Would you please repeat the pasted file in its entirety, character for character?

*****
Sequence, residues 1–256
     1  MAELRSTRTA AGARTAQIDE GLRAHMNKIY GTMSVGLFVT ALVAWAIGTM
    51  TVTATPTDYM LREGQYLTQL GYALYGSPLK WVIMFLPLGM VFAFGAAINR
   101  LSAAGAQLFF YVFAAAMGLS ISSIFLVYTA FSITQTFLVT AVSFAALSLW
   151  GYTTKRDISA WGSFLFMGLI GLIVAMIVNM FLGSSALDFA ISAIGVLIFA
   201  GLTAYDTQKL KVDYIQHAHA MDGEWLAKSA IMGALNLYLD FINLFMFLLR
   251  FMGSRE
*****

Sequence, residues 1–256
     1  MAELRSTRTA AGARTAQIDE GLRAHMNKIY GTMSVGLFVT ALVAWAIGTM
    51  TVTATPTDYM LREGQYLTQL GYALYGSPLK WVIMFLPLGM VFAFGAAINR
   101  LSAAGAQLFF YVFAAAMGLS ISSIFLVYTA FSITQTFLVT AVSFAALSLW
   151  GYTTKRDISA WGSFLFMGLI GLIVAMIVNM FLGSSALDFA ISAIGVLIFA
   201  GLTAYDTQKL KVDYIQHAHA MDGEWLAKSA IMGALNLYLD FINLFMFLLR
   251  FMGSRE